Pixar's animated adventure Coco opens with a lot – a lot – of exposition. In it, we're introduced to our narrator Miguel (voiced by Anthony Gonzalez), a 10-year-old Mexican boy who longs to be a famous singer and guitarist like his matinée-idol hero Ernesto de la Cruz (Benjamin Bratt). But Miguel's family, as the child explains, has strictly forbidden such pursuits, owing to the time his great-great-grandfather forever left his wife and infant daughter in search of fame and fortune. With little Miguel prattling on, we're also told of his family's consequent successes as shoe-makers, and shown de la Cruz's unfortunate demise under a fallen church bell, and given histories on every generation of Miguel's clan over the past century, and treated to a primer on Mexico's Day of the Dead celebration … . And just when we're about ready to scream “Enough!” at Coco's barrage of voice-over information, someone beats us to it: the customer whose shoes, unbeknownst to us, Miguel has been shining the whole time, and who'd appreciate it if the kid would just do his job and shut up already.

That's a pretty stellar joke, primarily because of how surprising it is, and it's key to the success of Coco – a movie that achieves its greatest effects, both comedic and emotional, though unexpected flourishes that arrive only after considerable build-up. Much time is spent, early on, in Miguel's village as the townspeople prepare for the Día de los Muertos holiday, with equally ample discussion dedicated to how deceased relatives wait in the Land of the Dead for their annual chance to return to the land of the living. But when Miguel himself, through supernatural events, travels to this otherworldly locale, the Land of the Dead proves glorious in ways no living soul could have dreamed, boasting vast, colorful neighborhoods stacked miles high and, for resident de la Cruz, grand towers of guitars, flowers, and bottles of wine. (If there were an Oscar for Animated Production Design, Coco would take it in a walk; we can only pray for visual treats such as these in Jim Cameron's eternally promised Avatar sequels.) Convinced that de la Cruz is his great-great-grandfather, Miguel seeks the man out with the aid of an endearing skeletal goofball named Héctor (Gael García Bernal), who we initially see trying to sneak back to Earth disguised, ineffectively, as Frida Kahlo. Nearly an hour later, we'll have fresh, unanticipated insights into de la Cruz and Héctor that land with earned jolts, with the added benefit of that Kahlo gag proving newly, hilariously relevant.

If I'm ultimately less enamored with Coco than I've been with other Pixar titles, it has less to do with the film's quality than with the sameness of its themes – “Follow your dreams!” “Family is important!” – and its paint-by-numbers approach to plotting. (Another epic journey; another ticking-clock narrative; another set of wisecracking pals to help and hinder.) But I greatly enjoyed director Lee Unkrich's family outing for its bevy of unanticipated fringe touches, from the black-and-white film clips of de la Cruz in his prime to the haunting notion of a death after death for those left unremembered. I was continually astonished at the visual design and impressed by the Michael Giacchino score, with its “Remember Me” refrain growing lovelier and more touching with repetition, much like A Mighty Wind's “A Kiss at the End of the Rainbow.” And, like the other sniffling adults at my screening, I was moved by the eventual reunion – if one held on separate planes of existence – between the living and the dead, which can't help but leave a sentient grown-up misty-eyed. Warning: The last five minutes of Coco are like the first 10 minutes of Up. Stock tissues accordingly.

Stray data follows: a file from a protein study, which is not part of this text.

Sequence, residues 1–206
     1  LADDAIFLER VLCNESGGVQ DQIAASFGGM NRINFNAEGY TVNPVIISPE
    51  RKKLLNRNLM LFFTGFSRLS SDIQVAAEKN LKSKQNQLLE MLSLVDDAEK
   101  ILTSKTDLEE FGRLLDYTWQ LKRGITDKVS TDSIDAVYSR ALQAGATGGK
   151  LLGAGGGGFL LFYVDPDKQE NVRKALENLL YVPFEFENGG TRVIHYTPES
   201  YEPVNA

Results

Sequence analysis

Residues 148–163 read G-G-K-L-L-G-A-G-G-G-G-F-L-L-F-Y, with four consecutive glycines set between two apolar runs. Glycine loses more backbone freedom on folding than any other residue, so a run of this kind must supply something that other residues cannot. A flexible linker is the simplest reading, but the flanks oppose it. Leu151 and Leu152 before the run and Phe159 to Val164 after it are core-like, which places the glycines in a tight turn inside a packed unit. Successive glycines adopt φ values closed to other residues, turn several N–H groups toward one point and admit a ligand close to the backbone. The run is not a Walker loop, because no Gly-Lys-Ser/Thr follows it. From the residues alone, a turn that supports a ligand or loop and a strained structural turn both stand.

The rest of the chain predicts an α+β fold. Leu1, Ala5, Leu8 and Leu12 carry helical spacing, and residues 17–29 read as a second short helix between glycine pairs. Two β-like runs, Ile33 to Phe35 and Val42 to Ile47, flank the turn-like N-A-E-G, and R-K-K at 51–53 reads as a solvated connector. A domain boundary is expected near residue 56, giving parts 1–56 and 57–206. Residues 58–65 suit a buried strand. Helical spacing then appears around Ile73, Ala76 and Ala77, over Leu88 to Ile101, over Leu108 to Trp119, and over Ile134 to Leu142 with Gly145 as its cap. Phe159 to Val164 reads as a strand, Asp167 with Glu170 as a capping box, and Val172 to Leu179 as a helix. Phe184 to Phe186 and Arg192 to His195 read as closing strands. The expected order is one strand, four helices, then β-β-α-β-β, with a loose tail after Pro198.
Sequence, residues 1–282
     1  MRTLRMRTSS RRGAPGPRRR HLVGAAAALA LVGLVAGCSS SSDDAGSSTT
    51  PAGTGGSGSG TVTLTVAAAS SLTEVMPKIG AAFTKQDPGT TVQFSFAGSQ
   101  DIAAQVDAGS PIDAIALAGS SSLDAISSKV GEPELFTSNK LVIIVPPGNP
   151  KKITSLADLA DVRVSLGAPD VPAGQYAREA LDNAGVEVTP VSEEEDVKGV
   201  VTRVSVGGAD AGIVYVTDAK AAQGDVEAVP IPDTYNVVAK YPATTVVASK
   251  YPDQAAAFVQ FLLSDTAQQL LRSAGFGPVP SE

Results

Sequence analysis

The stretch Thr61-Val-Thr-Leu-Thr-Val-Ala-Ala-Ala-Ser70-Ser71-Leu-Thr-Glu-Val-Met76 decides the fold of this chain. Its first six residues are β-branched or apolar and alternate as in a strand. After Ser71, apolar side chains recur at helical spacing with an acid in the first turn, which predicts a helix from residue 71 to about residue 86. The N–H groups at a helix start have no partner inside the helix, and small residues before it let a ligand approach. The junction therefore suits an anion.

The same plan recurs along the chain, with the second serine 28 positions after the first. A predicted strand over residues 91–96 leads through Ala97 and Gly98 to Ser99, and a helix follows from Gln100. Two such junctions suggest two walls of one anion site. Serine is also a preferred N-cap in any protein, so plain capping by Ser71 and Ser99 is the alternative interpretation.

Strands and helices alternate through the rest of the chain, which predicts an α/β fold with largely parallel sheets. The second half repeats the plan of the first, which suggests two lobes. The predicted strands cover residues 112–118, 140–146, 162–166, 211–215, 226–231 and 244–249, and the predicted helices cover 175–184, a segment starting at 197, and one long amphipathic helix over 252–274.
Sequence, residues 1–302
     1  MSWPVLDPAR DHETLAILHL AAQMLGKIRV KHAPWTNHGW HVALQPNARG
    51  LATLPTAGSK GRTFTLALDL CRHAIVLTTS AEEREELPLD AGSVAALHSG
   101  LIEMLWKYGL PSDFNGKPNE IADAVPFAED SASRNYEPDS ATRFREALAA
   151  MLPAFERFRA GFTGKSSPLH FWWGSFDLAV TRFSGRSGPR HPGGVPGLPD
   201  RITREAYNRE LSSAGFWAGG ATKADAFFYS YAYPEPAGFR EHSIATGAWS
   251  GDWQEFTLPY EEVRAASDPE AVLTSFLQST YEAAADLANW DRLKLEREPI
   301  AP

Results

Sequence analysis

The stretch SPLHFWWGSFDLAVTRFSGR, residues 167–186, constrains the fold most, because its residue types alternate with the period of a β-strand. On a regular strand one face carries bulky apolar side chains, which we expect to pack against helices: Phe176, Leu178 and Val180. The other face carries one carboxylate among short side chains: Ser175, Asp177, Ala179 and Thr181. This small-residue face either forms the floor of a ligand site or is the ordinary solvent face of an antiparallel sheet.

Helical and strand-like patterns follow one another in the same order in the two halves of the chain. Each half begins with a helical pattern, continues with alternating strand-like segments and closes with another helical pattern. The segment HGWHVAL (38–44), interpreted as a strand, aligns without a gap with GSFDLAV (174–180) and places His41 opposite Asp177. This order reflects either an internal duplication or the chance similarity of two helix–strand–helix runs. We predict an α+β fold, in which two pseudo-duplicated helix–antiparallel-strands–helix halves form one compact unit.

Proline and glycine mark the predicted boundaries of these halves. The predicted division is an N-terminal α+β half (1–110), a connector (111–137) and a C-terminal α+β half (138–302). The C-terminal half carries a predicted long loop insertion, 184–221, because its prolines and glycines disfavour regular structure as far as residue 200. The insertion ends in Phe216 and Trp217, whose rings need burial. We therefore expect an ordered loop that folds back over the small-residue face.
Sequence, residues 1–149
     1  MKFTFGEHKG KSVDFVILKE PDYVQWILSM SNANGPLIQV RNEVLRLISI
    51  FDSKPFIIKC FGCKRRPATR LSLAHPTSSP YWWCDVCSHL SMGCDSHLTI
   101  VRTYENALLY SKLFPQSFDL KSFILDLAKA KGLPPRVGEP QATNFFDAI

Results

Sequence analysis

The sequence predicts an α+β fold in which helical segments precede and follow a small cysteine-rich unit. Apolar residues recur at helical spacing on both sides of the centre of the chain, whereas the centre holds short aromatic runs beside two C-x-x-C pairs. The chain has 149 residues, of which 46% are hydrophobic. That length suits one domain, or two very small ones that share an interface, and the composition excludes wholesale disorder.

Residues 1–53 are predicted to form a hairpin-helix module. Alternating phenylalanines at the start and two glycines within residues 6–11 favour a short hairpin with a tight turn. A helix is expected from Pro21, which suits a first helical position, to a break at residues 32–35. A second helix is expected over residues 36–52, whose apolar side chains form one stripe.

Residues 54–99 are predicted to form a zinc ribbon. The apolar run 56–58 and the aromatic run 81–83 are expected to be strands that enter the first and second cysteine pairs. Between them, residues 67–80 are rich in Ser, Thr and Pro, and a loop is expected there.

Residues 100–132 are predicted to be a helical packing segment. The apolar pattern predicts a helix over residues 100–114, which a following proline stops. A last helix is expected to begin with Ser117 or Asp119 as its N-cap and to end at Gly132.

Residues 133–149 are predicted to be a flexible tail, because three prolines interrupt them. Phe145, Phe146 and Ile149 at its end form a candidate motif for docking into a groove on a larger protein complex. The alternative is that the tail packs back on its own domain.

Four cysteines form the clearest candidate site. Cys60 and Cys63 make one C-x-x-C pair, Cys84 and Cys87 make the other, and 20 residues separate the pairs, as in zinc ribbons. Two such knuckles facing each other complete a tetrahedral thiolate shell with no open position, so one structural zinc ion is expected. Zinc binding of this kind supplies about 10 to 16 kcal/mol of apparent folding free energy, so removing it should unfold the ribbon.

Dan Stevens and Christopher Plummer in The Man Who Invented Christmas


Christopher Plummer's voice is one of God's great gifts to entertainment, and for my money, that voice, and the actor's presence, were almost enough to make The Man Who Invented Christmas worthwhile. A mildly inventive bio-pic that follows Charles Dickens as he labors to write A Christmas Carol, director Bharat Nalluri's seasonal fable is typical in lots of expected genre ways – Dickens had daddy issues! – and sadly predictable in many of its particulars, as when the author's wife (Morfydd Clark) delivers the requisite speech about how Charlie seems to care more about his fictional characters than his own family. And while Dan Stevens' Dickens is adorably ingratiating when entertaining his kids with funny character accents, the actor's face, in general, is doing way too much work, with this peevish, easily distracted Dickens emerging as little more than a bland compendium of popping eyes, arched eyebrows, huffy sighs, and double-takes. (With daddy issues!) Still, Nalluri and actor/screenwriter Susan Coyne – so splendid as Slings & Arrows' beleaguered assistant Anna – do some imaginative work blending Dickens' real world with the literary universe of Ebeneezer Scrooge, Bob Cratchit, and the rest, and there are solid performances by Jonathan Pryce, Justin Edwards, Simon Callow, and an especially haunting Donald Sumpter as Jacob Marley. Best of all, it should go without saying, is Plummer, whose grizzled authority and natural wit as Scrooge would have me stoked for him headlining an actual A Christmas Carol, if only it didn't mean having to sit through A Christmas Carol again.


For reviews of Lady Bird and Roman J. Israel, Esq., visit "Lady & the Trampled."

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